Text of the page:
Ramstad says the lack of enforcement and delay in final rules may be attributed to "pressure from opponents. It's inexcusable that it hasn't been more rigorously enforced."
Despite the implementation and enforcement struggles, MHPAEA has been a help to those Americans at the more severe end of the mental illness spectrum, who previously were denied coverage because of the limits on the number of inpatient visits. Also, MHPAEA extends coverage to both in- and out-of-network, allowances that weren't included in the original act.
"It's easier to bring about immediate compliance if you're imposing the same 30-day limit on inpatient psych that you're imposing on surgical," says Andrew Sperling, director of federal legislative advocacy for the National Alliance on Mental Illness. The more vague rules under "non-quantitative treatment limits" are harder to enforce, but Sperling thinks those will eventually be helped as well, like limited provider networks and utilization management. "What they need is better enforcement of interim final rules."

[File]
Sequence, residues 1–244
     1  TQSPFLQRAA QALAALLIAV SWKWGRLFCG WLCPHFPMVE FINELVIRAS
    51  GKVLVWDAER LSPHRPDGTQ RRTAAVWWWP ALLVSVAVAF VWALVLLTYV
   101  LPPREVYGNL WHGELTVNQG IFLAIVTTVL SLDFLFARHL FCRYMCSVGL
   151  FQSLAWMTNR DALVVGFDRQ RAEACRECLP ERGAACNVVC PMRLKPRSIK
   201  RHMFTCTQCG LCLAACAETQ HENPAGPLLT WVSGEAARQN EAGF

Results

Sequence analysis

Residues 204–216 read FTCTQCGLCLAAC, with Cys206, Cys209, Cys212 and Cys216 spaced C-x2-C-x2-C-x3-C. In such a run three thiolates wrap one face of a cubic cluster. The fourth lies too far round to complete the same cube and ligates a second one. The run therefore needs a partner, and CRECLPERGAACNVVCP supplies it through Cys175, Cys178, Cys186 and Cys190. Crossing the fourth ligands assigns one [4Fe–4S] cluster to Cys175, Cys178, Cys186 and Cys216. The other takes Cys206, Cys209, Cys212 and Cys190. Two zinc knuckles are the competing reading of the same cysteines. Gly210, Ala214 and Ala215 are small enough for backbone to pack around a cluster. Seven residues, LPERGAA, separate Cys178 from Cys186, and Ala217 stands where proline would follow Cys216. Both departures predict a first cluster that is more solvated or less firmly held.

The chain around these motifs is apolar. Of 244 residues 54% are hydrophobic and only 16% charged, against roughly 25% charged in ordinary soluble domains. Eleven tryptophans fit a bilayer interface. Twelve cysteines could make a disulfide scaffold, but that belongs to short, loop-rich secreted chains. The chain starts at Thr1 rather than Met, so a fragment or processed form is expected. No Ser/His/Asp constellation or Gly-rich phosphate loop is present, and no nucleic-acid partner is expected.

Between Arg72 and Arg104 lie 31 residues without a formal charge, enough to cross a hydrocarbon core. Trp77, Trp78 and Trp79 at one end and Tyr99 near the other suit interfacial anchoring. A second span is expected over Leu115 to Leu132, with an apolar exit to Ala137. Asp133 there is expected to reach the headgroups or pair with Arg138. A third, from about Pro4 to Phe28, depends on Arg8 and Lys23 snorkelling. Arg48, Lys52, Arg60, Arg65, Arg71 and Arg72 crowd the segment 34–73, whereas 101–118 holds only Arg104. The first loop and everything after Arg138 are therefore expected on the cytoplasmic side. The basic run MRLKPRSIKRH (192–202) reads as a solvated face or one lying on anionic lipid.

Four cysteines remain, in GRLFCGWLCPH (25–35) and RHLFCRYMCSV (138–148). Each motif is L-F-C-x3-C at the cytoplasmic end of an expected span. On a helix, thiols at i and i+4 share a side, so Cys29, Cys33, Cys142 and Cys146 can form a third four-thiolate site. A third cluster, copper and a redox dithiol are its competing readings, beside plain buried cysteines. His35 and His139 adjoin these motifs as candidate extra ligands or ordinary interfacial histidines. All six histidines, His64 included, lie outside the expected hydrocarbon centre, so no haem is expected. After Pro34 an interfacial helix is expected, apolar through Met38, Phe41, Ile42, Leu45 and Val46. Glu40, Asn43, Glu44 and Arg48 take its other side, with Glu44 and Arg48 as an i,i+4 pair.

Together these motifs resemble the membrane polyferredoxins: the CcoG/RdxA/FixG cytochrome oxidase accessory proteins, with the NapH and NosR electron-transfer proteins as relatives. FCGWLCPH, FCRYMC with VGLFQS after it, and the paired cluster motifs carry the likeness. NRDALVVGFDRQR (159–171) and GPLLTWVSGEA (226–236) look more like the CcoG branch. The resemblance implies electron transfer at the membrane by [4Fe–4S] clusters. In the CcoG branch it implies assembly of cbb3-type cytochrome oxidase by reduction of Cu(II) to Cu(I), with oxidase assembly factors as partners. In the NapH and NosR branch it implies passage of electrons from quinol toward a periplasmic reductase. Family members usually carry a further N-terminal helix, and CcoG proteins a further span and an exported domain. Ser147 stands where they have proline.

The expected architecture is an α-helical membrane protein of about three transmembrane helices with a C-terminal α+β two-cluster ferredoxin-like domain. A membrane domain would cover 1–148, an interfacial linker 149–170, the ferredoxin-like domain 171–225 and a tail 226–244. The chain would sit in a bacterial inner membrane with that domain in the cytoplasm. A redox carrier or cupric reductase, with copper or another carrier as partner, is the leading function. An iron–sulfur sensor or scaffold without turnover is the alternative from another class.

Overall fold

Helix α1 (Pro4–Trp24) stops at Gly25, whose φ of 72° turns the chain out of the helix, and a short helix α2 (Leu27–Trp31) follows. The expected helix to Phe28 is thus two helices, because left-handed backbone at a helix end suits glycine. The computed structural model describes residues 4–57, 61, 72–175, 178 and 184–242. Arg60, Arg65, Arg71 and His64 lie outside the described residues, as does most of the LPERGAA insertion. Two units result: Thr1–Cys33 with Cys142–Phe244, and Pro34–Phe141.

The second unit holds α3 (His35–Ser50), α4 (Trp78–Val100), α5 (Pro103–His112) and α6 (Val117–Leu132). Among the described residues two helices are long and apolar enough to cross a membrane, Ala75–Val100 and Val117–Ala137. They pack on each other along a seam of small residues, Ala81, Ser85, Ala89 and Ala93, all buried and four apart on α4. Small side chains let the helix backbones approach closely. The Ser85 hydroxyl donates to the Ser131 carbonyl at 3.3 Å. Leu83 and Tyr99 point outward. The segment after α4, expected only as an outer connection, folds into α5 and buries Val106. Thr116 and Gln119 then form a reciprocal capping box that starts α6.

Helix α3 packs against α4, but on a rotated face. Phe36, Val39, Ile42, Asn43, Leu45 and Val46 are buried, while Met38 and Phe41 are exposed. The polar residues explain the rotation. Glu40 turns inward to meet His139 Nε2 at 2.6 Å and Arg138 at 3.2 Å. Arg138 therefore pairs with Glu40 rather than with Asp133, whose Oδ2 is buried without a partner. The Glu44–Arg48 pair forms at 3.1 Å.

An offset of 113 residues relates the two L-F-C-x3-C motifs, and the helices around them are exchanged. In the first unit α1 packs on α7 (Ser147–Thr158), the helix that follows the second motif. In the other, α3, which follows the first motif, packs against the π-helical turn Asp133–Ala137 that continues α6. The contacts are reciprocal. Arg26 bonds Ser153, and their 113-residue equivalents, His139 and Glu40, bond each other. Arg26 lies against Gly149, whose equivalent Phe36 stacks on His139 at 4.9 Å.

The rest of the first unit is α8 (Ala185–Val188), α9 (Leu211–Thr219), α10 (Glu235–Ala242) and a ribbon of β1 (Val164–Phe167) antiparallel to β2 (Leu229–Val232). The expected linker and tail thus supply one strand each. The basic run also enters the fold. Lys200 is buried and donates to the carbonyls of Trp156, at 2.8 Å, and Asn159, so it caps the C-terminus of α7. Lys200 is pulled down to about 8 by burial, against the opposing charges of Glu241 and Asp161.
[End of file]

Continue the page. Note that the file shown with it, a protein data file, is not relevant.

Health plans and employers are able to opt out of MHPAEA if they show that it raised costs overall for two consecutive years, 2% in the first, and 1% in the second. To date, there have been no requests to opt out - something mental health experts see as progress.
"We have to start treating diseases of the brain like diseases as the body, which is the bottom line," Ramstad says. "The whole objective is to get [a] final rule that ends discrimination of people with diseases of mental illness and substance abuse."
The transparency that better enforcement could add could mean a better marketplace for benefits managers to choose from, says Nessman. If no one is complaining, and the insurance companies that aren't complying aren't made public, how are the right decisions to be made?
"[Employers] might be choosing coverage based on a glossy brochure and might not have a sense of what their employees are really getting in terms of mental health coverage," he says.
The next story will examine how employers can work with health plans to create effective provider networks to improve access to mental health care. Look for it in EBN June 1.